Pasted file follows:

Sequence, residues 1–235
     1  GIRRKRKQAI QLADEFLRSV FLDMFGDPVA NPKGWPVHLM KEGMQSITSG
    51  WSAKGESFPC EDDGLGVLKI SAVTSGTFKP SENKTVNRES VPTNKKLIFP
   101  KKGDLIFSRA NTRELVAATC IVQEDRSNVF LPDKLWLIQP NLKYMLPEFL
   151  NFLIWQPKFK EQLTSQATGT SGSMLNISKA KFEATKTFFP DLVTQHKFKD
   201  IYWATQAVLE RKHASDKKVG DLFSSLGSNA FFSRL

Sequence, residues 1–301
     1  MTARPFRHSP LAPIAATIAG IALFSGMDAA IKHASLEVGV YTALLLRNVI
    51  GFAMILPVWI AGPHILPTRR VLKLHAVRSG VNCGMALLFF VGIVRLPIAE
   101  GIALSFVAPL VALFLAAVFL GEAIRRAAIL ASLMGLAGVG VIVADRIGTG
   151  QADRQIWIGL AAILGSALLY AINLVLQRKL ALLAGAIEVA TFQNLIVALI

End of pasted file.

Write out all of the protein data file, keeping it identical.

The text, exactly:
Sequence, residues 1–235
     1  GIRRKRKQAI QLADEFLRSV FLDMFGDPVA NPKGWPVHLM KEGMQSITSG
    51  WSAKGESFPC EDDGLGVLKI SAVTSGTFKP SENKTVNRES VPTNKKLIFP
   101  KKGDLIFSRA NTRELVAATC IVQEDRSNVF LPDKLWLIQP NLKYMLPEFL
   151  NFLIWQPKFK EQLTSQATGT SGSMLNISKA KFEATKTFFP DLVTQHKFKD
   201  IYWATQAVLE RKHASDKKVG DLFSSLGSNA FFSRL

Sequence, residues 1–301
     1  MTARPFRHSP LAPIAATIAG IALFSGMDAA IKHASLEVGV YTALLLRNVI
    51  GFAMILPVWI AGPHILPTRR VLKLHAVRSG VNCGMALLFF VGIVRLPIAE
   101  GIALSFVAPL VALFLAAVFL GEAIRRAAIL ASLMGLAGVG VIVADRIGTG
   151  QADRQIWIGL AAILGSALLY AINLVLQRKL ALLAGAIEVA TFQNLIVALI